I’d like you to imagine a world in which male musicians are routinely expected to act as submissive sex objects.  Picture Beyonce’s husband Jay-Z stripped down to a T-back bikini thong, sex kittin’ his way through a boulevard of suited-and-booted women for their pleasure. Or Britney Spears’ ex, Justin Timberlake, in buttocks-clenching hot pants writhing on top of a pink Chevy, explaining to an audience how he’d like to be their ‘Teenage Dream.’

Before we all get a little too hot beneath the gusset, of course these scenarios are not likely to become reality, unless for comedy’s sake.  The reason for this is that these are roles the music industry has carved out specifically for women. It is a male-dominated industry, with a juvenile perspective on gender and sexuality.

From what I can see, there are three main roles that women are allowed to fill in modern pop music. Each of them restrictive for both artists and audience. They are mainly portrayed through the medium of the music video, you’ll find them very familiar.  I call them One of the Girls’ Girls, the Victim/Torch Singer, and the Unattainable Sexbot.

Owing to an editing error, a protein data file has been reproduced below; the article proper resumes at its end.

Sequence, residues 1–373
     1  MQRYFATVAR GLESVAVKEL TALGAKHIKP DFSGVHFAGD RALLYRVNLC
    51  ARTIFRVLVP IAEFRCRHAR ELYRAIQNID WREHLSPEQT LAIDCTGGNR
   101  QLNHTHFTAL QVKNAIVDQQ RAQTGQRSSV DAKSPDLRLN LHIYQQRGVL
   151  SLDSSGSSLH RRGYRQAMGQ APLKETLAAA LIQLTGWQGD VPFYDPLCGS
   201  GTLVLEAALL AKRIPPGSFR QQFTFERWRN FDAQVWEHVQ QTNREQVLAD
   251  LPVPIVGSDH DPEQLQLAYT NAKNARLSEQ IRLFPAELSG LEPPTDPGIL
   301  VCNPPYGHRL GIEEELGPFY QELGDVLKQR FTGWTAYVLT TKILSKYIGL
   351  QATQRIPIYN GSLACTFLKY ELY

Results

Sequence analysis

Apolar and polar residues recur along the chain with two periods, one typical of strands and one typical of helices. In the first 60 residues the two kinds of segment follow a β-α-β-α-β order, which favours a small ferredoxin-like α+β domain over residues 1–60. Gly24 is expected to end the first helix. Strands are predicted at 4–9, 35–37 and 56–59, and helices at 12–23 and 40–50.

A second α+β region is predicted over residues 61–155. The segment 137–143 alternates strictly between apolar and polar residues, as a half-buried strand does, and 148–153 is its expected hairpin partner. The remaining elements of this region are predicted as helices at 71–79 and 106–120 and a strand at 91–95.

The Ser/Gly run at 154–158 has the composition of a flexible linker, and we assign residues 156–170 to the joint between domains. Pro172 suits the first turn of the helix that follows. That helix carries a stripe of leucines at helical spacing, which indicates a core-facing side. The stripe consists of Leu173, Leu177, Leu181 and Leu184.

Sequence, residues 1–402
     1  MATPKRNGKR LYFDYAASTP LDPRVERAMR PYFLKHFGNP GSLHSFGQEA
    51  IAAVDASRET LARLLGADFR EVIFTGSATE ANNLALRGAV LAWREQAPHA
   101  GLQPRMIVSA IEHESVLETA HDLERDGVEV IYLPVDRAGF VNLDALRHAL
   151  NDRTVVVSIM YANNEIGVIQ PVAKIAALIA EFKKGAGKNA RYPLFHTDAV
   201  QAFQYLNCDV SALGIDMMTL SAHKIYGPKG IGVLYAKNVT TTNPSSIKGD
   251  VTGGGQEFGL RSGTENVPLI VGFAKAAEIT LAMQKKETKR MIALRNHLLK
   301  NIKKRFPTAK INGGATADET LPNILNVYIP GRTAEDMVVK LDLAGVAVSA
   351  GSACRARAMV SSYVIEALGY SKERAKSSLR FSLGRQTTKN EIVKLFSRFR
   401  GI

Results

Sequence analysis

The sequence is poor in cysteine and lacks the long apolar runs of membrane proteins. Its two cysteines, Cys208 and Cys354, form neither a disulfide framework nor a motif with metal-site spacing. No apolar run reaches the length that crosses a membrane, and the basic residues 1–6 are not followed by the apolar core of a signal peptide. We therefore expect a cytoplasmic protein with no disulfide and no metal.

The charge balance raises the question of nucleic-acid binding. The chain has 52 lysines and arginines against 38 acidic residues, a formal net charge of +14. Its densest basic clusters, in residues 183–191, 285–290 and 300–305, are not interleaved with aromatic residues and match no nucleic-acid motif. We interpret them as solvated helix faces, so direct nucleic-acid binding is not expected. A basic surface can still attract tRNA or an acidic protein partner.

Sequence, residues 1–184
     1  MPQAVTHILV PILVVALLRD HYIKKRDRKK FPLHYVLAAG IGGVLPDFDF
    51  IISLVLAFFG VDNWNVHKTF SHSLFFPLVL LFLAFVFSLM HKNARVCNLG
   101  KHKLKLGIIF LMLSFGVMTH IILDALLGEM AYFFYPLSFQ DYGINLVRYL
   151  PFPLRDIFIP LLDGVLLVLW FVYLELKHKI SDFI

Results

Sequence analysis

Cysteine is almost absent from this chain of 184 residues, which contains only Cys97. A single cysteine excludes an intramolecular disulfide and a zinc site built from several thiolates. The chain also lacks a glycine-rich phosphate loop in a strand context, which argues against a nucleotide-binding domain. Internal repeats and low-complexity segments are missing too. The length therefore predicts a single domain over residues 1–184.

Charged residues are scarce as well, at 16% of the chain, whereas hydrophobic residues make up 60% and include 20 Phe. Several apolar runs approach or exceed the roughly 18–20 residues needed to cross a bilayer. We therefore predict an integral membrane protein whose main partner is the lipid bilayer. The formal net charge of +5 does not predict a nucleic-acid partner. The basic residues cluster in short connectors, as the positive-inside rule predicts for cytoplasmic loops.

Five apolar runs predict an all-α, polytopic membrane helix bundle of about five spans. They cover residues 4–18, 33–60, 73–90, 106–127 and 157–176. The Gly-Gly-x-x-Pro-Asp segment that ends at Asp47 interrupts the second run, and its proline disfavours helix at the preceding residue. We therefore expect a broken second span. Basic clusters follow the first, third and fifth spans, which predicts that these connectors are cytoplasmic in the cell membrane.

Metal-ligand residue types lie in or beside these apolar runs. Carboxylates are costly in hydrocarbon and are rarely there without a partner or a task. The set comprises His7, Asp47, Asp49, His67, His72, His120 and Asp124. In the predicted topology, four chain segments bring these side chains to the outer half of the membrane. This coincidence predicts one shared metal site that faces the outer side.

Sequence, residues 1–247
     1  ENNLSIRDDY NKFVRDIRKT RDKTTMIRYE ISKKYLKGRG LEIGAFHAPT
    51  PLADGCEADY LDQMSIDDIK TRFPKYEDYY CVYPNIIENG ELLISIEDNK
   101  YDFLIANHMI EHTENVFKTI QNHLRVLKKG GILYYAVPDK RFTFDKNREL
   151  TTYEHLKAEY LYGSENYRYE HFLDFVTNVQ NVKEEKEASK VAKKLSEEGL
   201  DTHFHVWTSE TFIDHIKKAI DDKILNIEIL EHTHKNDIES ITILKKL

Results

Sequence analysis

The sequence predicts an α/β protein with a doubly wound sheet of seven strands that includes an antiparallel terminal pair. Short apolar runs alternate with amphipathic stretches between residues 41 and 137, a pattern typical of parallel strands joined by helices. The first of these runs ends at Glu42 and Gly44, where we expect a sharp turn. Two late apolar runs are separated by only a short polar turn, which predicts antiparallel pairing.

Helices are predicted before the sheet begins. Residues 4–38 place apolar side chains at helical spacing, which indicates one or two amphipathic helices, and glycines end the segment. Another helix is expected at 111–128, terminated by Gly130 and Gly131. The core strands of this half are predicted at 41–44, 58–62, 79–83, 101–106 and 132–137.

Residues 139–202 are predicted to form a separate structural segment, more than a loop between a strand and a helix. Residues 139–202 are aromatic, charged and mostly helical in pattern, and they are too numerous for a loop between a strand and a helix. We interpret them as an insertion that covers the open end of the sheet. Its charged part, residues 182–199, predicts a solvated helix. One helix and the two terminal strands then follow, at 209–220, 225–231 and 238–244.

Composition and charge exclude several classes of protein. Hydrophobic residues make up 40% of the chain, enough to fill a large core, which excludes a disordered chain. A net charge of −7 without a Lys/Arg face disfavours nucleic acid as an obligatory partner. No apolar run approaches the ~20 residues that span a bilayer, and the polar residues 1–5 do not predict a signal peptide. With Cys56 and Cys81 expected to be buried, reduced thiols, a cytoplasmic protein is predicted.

The One of the Girls’ Girls role is a painfully thin reduction of feminism that generally seems to point to a world where, ‘so long as you can hang out with your girls it’s possible to sort of wave away the evils that men do.’  This denigrates women and men equally, and yet is commonly lauded for being empowering.

The Victim/Torch Singer can be divided into the sexy victim (ie, Natalie Imbruglia in the ‘Torn’ video) and the not-so-sexy victim.  One female artist who does not use her sexuality to sell records is Adele.  However, lyrically, her songs are almost without exception written from the perspective of the wronged woman, an archetype as old as time.  Someone who has been let down by the men around her, and is subsequently in a perpetual state of despair.